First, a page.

Multiple Specialists Collaborate to Remove Cancerous Tumor from Cat’s Chest

Tilden had a cancerous tumor removed from his chest at the UC Davis veterinary hospital.
Tilden had a cancerous tumor removed from his chest at the UC Davis veterinary hospital.

When Martin and Elisa Edwards of Berkeley, California visited an animal shelter ten years ago looking for a cat to adopt, one eager kitten took it upon himself to speed up the process and jumped on Elisa’s lap to introduce himself. The Edwards had found their new cat, along with his sister, and adopted them both.

Tilden and Tess, now 10 years old, have enjoyed good lives with the Edwards. That is until about a year ago when Tilden started to get picky about his food.

“At first, we chalked it up to age, but as he started losing weight and becoming less active, we grew increasingly concerned,” said Martin.

The Edwards’ primary care veterinarian thought the problem might be intestinal. Tilden took courses of antibiotics and steroids to no effect, and when other tests came back inconclusive, the Edwards elected for an ultrasound, which detected a mass in his chest suspected to be a thymoma tumor.

“It was a very sad day, but we decided to research our options,” Martin said. “That’s when we discovered we had one of the best veterinary hospitals in the world an hour’s drive away.”

So, the Edwards brought Tilden to the Oncology Service at the UC Davis veterinary hospital for further evaluation of his condition. There, oncologists, surgeons, cardiologists, radiologists, and anesthesiologists worked together to develop the best plan to remove his tumor. Tilden’s surgery was successful, and he was able to return home after only two days of hospitalization.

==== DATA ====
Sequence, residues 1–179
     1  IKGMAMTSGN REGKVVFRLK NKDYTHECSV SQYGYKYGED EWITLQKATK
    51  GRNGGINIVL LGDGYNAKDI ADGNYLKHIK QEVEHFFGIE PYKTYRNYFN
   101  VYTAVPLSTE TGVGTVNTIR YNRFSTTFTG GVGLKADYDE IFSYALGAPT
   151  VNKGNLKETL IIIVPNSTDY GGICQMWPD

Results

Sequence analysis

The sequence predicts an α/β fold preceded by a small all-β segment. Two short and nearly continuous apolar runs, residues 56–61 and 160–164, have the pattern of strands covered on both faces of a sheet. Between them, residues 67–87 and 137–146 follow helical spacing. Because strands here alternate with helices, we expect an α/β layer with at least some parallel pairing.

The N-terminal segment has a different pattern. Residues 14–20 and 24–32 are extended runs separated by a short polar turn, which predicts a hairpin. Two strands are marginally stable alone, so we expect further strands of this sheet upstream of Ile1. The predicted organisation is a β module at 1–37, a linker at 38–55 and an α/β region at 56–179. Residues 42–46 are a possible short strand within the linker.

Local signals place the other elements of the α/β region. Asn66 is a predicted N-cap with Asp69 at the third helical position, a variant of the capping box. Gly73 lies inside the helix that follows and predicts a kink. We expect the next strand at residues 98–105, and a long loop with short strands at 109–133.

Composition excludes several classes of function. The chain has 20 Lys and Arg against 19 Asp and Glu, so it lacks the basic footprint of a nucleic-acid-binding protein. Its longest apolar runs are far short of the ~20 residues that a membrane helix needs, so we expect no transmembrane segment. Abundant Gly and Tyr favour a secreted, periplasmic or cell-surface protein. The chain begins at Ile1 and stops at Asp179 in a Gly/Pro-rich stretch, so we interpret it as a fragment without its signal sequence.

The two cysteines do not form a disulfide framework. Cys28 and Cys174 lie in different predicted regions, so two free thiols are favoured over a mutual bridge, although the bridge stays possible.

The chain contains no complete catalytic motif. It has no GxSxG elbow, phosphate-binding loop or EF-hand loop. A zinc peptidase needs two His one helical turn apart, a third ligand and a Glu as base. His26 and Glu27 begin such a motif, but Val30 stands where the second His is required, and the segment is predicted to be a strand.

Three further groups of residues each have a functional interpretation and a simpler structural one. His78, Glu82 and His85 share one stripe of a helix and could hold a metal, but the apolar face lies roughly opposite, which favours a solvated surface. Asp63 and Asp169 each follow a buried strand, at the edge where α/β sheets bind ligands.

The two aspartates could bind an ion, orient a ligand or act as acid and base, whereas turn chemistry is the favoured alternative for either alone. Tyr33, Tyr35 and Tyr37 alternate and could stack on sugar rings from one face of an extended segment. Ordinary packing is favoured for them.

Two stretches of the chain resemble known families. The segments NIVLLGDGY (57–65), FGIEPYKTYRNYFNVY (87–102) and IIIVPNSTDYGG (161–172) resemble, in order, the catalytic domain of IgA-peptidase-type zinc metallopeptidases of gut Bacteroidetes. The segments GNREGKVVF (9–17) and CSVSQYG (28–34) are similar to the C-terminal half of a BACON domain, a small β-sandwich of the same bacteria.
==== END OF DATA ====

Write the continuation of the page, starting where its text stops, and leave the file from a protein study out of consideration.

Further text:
“Our experience with UC Davis has been absolutely brilliant,” said Martin. “From our first phone conversation with the referral coordinator to the difficult surgery expertly performed by his care team, we have always felt that Tilden, and our family, was in the best possible hands. In addition to the obviously excellent care, we deeply appreciated the transparency of information, the daily phone updates while Tilden was hospitalized, and the affection shown towards Tilden by all the staff, even when he was feeling a bit ‘moody.’”

The Edwards qualified for financial assistance at UC Davis through a generous grant from the Blue Buffalo Foundation’s support of the Petco Foundation pet cancer treatment program at the UC Davis veterinary hospital. The grant helps support treatments for domestic companion animals suffering from cancer. The project is designed to support pet parents of modest means or pet parents whose pets provide a service to others.

“We always felt that our priority was to find the best possible care for Tilden, and then figure out how to pay for it,” Martin continued. “So, it was a truly wondrous and tear-filled moment when we learned about the Petco grant. We are eternally grateful.”

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